Why go to La Palma?
The port is filled with cute cobbled streets and a scattering of cafes, restaurants, bars and craft shops
Traffic can be busy around the immediate port area
There's beauty to be found in port and further out for those looking to explore the island's volcanic terrain
La Palma Cruise Port Facilities?
The port is unpretentious and uncommercialized, which is a nice way of saying there's no reason to hang around. It offers a cafe and a car rental office. The marina has a few bars, a cafe, an ATM and free Wi-Fi.
Good to Know?
Traffic is busy as you walk into Santa Cruz from the port gates; you need to cross several junctions. Although there are crossings, traffic seems to come from all directions, so be cautious and alert.
On Foot: Most ships offer free shuttle buses from the small cruise terminal to the main port gates; from there, it is a five-minute stroll into town.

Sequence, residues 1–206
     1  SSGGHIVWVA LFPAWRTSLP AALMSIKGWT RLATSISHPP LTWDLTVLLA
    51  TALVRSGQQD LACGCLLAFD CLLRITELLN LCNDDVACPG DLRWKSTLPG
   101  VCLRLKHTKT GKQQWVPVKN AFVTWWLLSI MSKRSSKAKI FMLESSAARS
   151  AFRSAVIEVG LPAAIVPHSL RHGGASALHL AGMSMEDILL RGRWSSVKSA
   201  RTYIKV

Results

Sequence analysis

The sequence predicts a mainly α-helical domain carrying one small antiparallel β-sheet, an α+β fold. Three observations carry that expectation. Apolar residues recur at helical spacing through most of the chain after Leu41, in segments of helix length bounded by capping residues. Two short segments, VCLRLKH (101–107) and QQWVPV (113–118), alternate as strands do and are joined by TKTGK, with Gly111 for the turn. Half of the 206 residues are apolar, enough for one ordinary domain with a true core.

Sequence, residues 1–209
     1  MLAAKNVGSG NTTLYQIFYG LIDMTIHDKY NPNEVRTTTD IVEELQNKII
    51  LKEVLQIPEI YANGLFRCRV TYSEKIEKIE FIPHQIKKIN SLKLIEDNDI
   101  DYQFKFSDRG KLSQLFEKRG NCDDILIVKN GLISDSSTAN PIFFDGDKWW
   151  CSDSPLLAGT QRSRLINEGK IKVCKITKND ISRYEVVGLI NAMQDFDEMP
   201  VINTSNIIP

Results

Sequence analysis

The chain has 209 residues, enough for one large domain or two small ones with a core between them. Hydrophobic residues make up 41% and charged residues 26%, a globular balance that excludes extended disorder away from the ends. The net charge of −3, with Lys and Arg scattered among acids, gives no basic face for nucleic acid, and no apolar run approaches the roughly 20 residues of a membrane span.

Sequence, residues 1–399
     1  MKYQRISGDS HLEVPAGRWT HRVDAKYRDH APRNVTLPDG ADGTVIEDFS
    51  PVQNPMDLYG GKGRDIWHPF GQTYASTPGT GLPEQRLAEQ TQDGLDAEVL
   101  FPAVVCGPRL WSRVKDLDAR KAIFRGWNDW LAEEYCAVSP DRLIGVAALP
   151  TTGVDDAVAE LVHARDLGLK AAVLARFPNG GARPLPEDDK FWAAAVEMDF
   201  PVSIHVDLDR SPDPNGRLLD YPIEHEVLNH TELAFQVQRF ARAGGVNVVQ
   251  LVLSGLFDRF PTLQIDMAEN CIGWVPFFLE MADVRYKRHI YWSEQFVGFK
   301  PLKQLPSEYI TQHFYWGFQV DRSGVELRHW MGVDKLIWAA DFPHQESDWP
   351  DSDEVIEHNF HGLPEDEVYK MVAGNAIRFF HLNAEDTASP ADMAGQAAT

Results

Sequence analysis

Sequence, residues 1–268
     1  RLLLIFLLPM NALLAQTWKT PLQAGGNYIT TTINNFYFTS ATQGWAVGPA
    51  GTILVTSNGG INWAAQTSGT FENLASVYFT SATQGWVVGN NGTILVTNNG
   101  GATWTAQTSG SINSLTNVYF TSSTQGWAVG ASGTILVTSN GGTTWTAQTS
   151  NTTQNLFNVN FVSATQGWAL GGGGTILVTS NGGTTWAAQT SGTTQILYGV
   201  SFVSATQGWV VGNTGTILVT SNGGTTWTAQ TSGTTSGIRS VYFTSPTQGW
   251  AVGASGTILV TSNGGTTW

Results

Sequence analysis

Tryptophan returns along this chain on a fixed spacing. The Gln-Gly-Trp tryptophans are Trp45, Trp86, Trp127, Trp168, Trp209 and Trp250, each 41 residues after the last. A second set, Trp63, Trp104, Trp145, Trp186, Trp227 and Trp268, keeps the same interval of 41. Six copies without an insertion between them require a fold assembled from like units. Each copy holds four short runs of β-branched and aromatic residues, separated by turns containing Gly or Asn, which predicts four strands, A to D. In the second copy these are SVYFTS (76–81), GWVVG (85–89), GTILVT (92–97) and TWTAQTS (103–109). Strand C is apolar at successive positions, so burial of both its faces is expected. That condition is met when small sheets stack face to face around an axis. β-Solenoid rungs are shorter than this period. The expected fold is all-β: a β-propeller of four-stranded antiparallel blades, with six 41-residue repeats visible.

By Bus: Buses operate around the island from Avenida de Bajamar. For a couple of euros, you can buy a return ticket to the nearest beach, Playa de los Cancajos, which lies about three miles to the south.
By Taxi: Taxis are a good way to travel on the island, though most are pricey. A taxi from the port (just outside the terminal) to the beach costs around 20 euros one way -- this is more reliable than buses if you're on a tight schedule. For an island tour, budget around 35 euros for an hour or so, depending on your negotiation skills (establish the fare in advance).
By Car: If your ship is in port for a long time, you could consider hiring a car at Autos la Palma on Avenida Maritima. It's not recommended on a short cruise call because the roads are winding, mountainous and slow to negotiate.
Currency & Best Way to Get Money?
The currency is the euro. See www.oanda.com or www.xe.com for conversion rates.
Spanish is spoken, and many residents speak at least a smattering of English, but it could be worth investing in a phrase book if you're heading off on your own.